Question: "What does God mean when He says that "my thoughts are higher than your thoughts" in Isaiah 55:9?"
Answer: In a beautiful passage in Isaiah 55, the Lord cries out to Israel to return to Him and reminds them that only He can supply what they need. He then says, “For my thoughts are not your thoughts, neither are your ways my ways. . . . As the heavens are higher than the earth, so are my ways higher than your ways and my thoughts than your thoughts” (verses 8–9). A loving parent does things for a child that the child doesn’t understand. Likewise, the Lord loves, guides, protects, and provides for us in ways we don’t understand. His thoughts are higher than ours. As an infinite Being with infinite wisdom, God knows and understands things we cannot comprehend. We are wise when we bow to that knowledge rather than demand that He do things our way.
We live in a material world, so our natural focus is primarily on our physical needs. But when our thoughts are centered on mundane matters, we miss what God wants to show us. He is beyond time and space. His thoughts are always on the big picture. Our thoughts are earthly; His are heavenly. Our thoughts are limited; His are unlimited and unsearchable.
When God promises that “all things work together for the good to them who love God and are called according to His purpose” (Romans 8:28), His definition of good may not match ours. We may not see our struggles as leading to anything good because we can’t see into the future. We cannot know how God’s work in our lives will impact ourselves and countless others. He sees the whole picture; we see only the frame. Lost in our lowly thoughts, we cannot fathom the higher plan of God. That’s why we have to trust His character when we don’t understand.
In Jeremiah 29:11 God expresses some of His higher thoughts toward Israel: “For I know the plans I have for you, . . . plans to prosper you and not to harm you, plans to give you hope and a future.” In this verse, God promised that the Israelites, exiled in Babylon, would one day return to their homeland. He encouraged them not to give up or think that the Lord had abandoned them. His thoughts toward them were higher than they could imagine, and they had to put their faith in His promises, even while enduring His discipline (2 Kings 21:14; Jeremiah 29:14). God was reminding His children that He can see around corners and into a future that they could not see. As God’s children today, we can also claim this verse, knowing that God’s thoughts toward each of us are on a higher plane than our own.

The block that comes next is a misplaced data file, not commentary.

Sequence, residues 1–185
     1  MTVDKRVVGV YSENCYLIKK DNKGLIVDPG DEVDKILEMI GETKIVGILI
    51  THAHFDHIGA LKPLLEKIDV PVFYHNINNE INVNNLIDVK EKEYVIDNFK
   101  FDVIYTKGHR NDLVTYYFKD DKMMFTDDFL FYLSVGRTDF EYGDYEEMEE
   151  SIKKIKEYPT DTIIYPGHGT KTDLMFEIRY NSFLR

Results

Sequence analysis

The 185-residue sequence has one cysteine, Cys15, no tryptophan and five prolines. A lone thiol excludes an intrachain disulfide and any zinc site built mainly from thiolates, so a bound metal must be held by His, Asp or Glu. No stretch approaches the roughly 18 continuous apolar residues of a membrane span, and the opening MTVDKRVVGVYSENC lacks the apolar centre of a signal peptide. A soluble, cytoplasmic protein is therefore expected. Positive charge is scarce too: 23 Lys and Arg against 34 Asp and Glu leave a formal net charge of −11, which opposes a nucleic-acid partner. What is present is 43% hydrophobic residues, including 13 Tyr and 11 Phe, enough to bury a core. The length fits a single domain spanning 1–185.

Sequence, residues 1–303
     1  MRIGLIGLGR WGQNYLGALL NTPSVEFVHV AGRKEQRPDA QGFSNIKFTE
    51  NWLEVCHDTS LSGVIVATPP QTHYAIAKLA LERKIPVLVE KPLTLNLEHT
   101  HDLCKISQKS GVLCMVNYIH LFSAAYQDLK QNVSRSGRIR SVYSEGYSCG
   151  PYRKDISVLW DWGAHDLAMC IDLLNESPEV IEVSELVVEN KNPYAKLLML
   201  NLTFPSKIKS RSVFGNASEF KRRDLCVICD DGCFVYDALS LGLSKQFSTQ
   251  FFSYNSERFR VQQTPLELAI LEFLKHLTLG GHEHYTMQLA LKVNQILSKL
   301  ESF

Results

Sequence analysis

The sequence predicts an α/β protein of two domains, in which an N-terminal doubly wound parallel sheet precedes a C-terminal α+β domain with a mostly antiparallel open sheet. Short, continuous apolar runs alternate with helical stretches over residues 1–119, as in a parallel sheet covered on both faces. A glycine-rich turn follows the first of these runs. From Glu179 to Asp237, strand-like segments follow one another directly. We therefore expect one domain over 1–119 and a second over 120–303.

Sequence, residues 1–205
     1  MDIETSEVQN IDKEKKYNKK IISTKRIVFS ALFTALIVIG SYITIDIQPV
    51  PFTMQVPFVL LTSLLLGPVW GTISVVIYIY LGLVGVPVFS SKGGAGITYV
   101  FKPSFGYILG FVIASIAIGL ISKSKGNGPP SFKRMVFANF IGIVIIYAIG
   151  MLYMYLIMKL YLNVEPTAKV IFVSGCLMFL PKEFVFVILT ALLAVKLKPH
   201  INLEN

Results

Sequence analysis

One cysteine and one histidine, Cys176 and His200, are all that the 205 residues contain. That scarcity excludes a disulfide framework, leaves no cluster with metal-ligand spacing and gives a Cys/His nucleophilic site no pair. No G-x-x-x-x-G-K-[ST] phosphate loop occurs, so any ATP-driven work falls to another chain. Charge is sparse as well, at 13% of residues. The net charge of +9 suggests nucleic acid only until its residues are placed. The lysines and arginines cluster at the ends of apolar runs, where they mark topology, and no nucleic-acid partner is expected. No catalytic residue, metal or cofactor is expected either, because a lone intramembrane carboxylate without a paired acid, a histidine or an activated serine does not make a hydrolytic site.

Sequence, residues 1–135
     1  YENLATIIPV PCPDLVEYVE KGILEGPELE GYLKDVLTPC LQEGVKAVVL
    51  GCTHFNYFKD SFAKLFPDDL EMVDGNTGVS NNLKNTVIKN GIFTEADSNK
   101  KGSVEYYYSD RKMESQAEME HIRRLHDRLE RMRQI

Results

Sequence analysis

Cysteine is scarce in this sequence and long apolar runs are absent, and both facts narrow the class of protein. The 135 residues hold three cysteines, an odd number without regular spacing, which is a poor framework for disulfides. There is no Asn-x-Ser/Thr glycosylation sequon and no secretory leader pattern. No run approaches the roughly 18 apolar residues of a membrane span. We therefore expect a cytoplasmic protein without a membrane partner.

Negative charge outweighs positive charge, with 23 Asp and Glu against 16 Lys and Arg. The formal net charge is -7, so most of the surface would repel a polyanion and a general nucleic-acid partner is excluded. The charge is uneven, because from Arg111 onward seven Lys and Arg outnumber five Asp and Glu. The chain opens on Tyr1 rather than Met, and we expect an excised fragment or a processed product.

When God allows sorrow and pain to enter the lives of His beloved children, it is because His thoughts are higher than our thoughts. He intends to use our difficulties to produce the character of Christ in us (Romans 8:29). He comforts us in our troubles so that we can learn to comfort others (2 Corinthians 1:4). His goals for us are higher than our goals for ourselves because His thoughts always have an eternal dimension. Our experiences are small pieces in a giant puzzle that stretches across human history from beginning to end. We may not understand our part in the puzzle, but we can trust that God does. As we surrender to His plan, we set aside our earth-bound thoughts and allow His higher thoughts to direct our paths (see Proverbs 3:5–6).